City officials can no longer ignore the high STD rate in the area after the CDC and Oklahoma State Health Department released the latest statistics.
Over the last twenty years the number of sexually transmitted diseases has been steadily rising, and now this rural community has some of the highest rates in the state. According to a recently published list in SFGATE the county has the dubious distinction of being ranked 23rd in the nation for its high Chlamydia and Gonorrhea rates. These numbers are only expected to continue to rise due to the lack of STI clinics and residents’ inability to get easily tested.
It is not only Chlamydia and Gonorrhea rates rising, but Syphilis and HIV incidents are up as well. In 2009 the Syphilis rate for the state was reported at 2.6 per 100,000 residents, compared to the county at 3.2 in 2012. The Chlamydia rate in 2012 was even higher at 779.7 per 100,000 residents, and the majority of these diagnoses occurred in women ages 18 to 24.
While the statistics show that teens and young adults are typically those with the highest risk for contracting a sexually transmitted disease, this is changing. In recent years the number of older men who test positive for primary and secondary Syphilis has been steadily increasing, and the same is also true for HIV.
Even newspapers are now publishing statistics detailing the city and county’s growing problem with rising STD rates.
Some of the statistics making headlines include,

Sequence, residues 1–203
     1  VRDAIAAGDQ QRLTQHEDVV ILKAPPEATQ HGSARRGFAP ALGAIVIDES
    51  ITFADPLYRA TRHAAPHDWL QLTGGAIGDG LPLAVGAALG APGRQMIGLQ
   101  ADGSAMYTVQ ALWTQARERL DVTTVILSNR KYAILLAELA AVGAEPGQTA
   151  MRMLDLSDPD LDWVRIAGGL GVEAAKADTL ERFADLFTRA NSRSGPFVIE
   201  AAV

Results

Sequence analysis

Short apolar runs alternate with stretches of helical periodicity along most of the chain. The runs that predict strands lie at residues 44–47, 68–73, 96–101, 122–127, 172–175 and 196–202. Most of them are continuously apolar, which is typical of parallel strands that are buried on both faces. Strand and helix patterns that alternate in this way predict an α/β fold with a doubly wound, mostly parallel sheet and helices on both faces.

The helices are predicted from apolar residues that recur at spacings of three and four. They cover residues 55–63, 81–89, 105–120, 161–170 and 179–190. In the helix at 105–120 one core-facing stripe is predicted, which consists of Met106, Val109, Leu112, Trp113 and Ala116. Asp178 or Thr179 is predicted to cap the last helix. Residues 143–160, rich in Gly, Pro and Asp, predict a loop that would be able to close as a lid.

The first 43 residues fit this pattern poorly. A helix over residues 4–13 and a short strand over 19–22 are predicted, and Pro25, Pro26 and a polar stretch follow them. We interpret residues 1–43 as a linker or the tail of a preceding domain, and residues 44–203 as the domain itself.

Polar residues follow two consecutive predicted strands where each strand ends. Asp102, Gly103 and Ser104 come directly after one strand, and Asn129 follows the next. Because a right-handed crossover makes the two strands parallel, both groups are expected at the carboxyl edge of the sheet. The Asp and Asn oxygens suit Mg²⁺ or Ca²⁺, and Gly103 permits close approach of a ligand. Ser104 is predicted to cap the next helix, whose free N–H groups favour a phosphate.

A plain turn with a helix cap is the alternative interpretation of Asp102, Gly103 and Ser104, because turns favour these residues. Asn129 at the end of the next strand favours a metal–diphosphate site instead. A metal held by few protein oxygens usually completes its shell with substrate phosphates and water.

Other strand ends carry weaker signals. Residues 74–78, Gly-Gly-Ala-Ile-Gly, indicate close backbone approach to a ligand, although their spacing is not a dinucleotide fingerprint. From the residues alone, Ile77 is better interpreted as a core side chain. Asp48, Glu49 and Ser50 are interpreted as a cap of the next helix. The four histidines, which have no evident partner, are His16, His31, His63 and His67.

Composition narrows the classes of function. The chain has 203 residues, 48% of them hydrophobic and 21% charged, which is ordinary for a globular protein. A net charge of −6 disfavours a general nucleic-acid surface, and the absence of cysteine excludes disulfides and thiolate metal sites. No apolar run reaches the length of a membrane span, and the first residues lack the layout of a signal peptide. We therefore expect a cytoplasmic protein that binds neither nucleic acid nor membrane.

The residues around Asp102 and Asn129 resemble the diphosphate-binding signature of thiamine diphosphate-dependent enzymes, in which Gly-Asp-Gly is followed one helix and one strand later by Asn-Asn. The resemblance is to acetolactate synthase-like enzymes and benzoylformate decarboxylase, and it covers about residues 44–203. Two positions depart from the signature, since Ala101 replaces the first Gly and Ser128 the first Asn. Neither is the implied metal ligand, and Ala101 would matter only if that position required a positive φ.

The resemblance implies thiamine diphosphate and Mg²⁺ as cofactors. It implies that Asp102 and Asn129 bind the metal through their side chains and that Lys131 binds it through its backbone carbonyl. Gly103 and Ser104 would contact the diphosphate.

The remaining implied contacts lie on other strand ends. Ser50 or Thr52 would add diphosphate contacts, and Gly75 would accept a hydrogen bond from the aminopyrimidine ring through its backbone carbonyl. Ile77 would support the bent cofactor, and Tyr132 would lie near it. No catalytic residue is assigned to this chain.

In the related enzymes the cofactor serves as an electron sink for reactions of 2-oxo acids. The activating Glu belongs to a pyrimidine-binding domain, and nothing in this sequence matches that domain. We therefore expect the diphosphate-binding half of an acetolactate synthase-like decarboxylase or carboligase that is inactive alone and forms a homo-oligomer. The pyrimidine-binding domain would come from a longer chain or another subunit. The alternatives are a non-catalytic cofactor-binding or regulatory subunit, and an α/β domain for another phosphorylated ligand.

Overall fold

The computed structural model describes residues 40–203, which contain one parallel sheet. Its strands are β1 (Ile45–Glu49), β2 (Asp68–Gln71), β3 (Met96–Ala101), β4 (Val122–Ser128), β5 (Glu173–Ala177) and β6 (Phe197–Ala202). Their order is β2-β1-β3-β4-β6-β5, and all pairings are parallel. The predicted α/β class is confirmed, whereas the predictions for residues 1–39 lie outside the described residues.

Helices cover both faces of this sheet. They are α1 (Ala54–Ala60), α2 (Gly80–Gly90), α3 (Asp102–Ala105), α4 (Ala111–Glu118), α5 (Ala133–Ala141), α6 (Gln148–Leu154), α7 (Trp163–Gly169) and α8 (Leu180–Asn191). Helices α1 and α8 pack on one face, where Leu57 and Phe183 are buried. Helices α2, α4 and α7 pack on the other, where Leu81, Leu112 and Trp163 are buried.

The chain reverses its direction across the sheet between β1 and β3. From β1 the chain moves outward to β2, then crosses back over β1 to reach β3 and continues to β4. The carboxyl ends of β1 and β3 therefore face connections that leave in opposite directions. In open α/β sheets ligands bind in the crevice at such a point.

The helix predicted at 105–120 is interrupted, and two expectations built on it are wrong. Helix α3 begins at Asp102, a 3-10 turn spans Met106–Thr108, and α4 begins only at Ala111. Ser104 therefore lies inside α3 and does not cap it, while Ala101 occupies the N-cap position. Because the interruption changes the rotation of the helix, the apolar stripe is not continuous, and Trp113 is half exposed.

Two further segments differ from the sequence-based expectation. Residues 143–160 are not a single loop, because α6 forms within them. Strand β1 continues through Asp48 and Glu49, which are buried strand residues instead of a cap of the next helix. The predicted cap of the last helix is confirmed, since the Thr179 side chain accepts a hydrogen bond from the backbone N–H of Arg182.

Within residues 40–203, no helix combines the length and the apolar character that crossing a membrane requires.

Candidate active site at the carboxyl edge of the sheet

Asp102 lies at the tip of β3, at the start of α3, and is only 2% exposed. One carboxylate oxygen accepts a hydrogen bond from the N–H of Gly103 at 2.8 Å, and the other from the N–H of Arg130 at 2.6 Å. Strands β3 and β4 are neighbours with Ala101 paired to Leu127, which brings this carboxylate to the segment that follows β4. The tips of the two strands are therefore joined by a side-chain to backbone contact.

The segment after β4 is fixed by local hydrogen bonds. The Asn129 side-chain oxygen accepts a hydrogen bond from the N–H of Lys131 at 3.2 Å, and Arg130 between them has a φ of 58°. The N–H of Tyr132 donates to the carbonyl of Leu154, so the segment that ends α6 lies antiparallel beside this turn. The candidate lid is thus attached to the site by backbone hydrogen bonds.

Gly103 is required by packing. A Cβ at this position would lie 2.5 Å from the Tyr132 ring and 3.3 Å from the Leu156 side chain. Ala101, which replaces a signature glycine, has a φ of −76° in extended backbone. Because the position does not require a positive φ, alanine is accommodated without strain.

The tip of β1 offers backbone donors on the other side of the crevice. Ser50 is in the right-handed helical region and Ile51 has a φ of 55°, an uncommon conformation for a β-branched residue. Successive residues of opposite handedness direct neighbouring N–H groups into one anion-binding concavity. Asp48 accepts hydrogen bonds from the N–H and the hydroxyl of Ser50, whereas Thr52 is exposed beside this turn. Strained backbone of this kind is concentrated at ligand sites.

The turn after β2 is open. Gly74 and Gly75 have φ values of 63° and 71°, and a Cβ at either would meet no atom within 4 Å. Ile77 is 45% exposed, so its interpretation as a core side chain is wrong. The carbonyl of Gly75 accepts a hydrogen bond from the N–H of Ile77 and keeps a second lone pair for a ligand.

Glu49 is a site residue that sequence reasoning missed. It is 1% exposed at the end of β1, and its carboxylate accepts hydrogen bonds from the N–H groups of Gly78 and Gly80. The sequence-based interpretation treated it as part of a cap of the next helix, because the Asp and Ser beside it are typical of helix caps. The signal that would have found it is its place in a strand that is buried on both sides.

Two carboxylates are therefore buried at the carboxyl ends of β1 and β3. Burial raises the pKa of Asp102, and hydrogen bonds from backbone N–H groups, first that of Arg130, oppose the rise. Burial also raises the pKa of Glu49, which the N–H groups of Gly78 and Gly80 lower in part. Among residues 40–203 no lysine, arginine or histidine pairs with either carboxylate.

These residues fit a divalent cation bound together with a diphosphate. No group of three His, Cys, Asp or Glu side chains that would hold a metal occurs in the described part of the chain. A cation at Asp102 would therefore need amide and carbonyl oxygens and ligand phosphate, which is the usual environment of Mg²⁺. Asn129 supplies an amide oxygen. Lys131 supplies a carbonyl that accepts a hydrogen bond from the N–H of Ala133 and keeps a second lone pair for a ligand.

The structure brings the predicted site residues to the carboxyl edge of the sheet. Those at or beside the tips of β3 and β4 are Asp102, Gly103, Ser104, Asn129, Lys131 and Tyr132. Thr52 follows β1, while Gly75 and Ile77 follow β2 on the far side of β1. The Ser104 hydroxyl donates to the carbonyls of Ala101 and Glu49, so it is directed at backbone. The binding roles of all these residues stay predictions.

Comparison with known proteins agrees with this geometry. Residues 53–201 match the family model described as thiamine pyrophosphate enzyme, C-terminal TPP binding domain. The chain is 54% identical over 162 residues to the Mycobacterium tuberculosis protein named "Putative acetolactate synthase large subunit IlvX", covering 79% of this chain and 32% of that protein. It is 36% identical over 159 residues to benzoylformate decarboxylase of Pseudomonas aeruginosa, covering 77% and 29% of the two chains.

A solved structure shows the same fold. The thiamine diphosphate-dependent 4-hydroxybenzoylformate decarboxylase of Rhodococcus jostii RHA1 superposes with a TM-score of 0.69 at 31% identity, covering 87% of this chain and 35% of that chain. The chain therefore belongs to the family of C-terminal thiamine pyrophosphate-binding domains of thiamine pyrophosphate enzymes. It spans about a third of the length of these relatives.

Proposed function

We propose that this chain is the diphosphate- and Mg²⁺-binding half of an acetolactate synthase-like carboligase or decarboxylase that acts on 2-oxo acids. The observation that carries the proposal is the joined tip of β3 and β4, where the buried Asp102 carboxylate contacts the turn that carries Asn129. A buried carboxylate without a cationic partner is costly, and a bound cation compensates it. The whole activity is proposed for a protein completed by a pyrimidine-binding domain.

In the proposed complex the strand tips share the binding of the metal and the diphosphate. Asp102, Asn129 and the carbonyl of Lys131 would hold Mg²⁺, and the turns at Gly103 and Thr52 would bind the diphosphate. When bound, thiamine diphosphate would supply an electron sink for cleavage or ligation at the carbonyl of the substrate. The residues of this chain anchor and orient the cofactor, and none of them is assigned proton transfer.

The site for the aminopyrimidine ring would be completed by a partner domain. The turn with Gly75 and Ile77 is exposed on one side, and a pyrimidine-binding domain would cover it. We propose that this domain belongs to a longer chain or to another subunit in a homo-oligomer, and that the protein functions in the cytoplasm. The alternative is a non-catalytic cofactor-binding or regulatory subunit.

- The city and county reported a Chlamydia rate of 776,000 per 100,000 residents in 2015.
- In 2015 the Gonorrhea rate for the county was reported at 214,000 per 100,000 residents, and was one of the highest in the state.
- The Syphilis rate rose to 3.2 in 2012 compared to the state’s at 2.6.
In 2016 a bill went before the Oklahoma House of Representatives. This bill does not deal with the public schools lack of sex education, but with abortion instead. If the bill passes the House and Senate students could graduate from high school knowing next to nothing about STDs, but be well aware the state law considers abortion “the termination of another separate and unique human being”.
With STD rates rising in the city and across the state one would think that officials would be concerned about residents’ health. Unfortunately they are relying on outdated abstinence based programs which do little to teach teens how to protect themselves from any sexually transmitted diseases. With polls showing that students are sexually active at a younger age and teen pregnancy rates rising, it seems clear that law makers are not focusing on the problem.